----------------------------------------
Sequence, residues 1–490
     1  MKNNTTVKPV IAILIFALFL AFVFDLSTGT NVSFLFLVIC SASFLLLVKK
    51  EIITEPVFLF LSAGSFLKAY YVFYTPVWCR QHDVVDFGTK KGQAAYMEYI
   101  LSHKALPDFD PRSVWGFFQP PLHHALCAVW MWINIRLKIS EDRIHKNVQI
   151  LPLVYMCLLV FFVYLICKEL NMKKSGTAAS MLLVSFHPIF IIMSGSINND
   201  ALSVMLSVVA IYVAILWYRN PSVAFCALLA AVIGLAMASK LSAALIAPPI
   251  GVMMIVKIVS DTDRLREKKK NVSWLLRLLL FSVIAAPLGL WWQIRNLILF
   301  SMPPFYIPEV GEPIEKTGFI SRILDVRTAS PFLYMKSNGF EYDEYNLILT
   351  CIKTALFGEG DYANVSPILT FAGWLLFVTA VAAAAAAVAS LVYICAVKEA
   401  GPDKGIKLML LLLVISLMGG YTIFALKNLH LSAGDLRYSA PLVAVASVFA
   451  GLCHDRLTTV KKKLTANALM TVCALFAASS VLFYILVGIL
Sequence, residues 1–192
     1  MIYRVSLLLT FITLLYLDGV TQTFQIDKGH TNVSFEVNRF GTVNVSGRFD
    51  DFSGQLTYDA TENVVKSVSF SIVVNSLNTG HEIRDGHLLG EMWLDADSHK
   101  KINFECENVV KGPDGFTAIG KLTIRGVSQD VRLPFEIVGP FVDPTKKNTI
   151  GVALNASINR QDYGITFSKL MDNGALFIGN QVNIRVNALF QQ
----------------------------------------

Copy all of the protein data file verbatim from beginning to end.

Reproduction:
Sequence, residues 1–490
     1  MKNNTTVKPV IAILIFALFL AFVFDLSTGT NVSFLFLVIC SASFLLLVKK
    51  EIITEPVFLF LSAGSFLKAY YVFYTPVWCR QHDVVDFGTK KGQAAYMEYI
   101  LSHKALPDFD PRSVWGFFQP PLHHALCAVW MWINIRLKIS EDRIHKNVQI
   151  LPLVYMCLLV FFVYLICKEL NMKKSGTAAS MLLVSFHPIF IIMSGSINND
   201  ALSVMLSVVA IYVAILWYRN PSVAFCALLA AVIGLAMASK LSAALIAPPI
   251  GVMMIVKIVS DTDRLREKKK NVSWLLRLLL FSVIAAPLGL WWQIRNLILF
   301  SMPPFYIPEV GEPIEKTGFI SRILDVRTAS PFLYMKSNGF EYDEYNLILT
   351  CIKTALFGEG DYANVSPILT FAGWLLFVTA VAAAAAAVAS LVYICAVKEA
   401  GPDKGIKLML LLLVISLMGG YTIFALKNLH LSAGDLRYSA PLVAVASVFA
   451  GLCHDRLTTV KKKLTANALM TVCALFAASS VLFYILVGIL
Sequence, residues 1–192
     1  MIYRVSLLLT FITLLYLDGV TQTFQIDKGH TNVSFEVNRF GTVNVSGRFD
    51  DFSGQLTYDA TENVVKSVSF SIVVNSLNTG HEIRDGHLLG EMWLDADSHK
   101  KINFECENVV KGPDGFTAIG KLTIRGVSQD VRLPFEIVGP FVDPTKKNTI
   151  GVALNASINR QDYGITFSKL MDNGALFIGN QVNIRVNALF QQ